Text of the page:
On Saturday, Oct. 6, the fabulous Dr. Deborah “Doctor Deb” Sherman was the guest speaker at an invitation-only event at the Beauty Boutique in Lebanon. If you go to shermanaestheticcenter.com, you can read more – but for the sake of this blog I’ll keep Doctor Deb’s bio brief.
In her impressive career, Dr. Sherman has received two nationally distinguished awards for the discovery and description of the presence of lymphatics in the orbital area.For this landmark research, she received the Lester T. Jones Anatomy Award and the Merrill Reeh Pathology Award.Dr. Sherman is an active member of the prestigious American Society of Ophthalmic Plastic and Reconstructive Surgery and has served as President of the Nashville Academy of Ophthalmology .
She is also a National Expert on Botox and Aesthetic surgery, selected as a National Trainer by Allergan, the makers of Botox Cosmetic, to teach physicians the technique of aesthetic Botox.
I first met Dr. Sherman last year, at a similar event at Five Oaks. What impressed me about her, other than her obvious credentials and ability to make women look and feel good, was her vivacious personality.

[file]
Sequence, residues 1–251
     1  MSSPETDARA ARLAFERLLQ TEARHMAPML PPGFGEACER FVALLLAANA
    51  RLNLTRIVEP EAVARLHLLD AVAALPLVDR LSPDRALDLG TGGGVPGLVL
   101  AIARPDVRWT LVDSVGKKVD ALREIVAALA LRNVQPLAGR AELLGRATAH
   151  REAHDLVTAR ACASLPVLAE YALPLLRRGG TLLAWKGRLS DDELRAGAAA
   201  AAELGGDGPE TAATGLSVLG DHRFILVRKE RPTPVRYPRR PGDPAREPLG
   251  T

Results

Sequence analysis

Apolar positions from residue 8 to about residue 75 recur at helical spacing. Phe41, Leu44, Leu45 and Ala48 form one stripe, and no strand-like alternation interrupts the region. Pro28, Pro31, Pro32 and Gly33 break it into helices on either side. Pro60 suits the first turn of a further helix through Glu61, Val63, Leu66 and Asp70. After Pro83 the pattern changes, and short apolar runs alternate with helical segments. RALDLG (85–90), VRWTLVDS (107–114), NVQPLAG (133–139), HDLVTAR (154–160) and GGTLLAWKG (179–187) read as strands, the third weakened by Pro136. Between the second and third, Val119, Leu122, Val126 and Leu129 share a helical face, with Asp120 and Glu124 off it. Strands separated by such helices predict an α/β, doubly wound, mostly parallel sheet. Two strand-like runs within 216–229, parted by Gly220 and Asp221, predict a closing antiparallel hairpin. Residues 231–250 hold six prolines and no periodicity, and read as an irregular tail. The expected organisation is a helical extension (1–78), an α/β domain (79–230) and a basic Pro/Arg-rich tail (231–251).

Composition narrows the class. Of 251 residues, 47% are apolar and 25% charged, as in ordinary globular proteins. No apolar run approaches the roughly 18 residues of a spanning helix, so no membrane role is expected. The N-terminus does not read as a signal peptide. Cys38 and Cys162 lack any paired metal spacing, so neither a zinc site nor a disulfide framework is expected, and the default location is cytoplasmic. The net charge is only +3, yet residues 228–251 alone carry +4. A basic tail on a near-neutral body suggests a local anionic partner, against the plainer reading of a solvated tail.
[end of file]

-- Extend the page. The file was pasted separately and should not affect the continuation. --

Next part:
Dr. Sherman is one of the most down-to-earth people that you will ever meet. She and her team are extremely personable and made all of the women present feel at ease about cosmetic procedures.
As Dr. Sherman put it – “Your face is the only outfit that you wear every day.” Who wouldn’t want to look their best? During the brief seminar at the Beauty Boutique, Dr. Sherman showcased the work that she does and answered questions about the various procedures she performs at her Nashville office.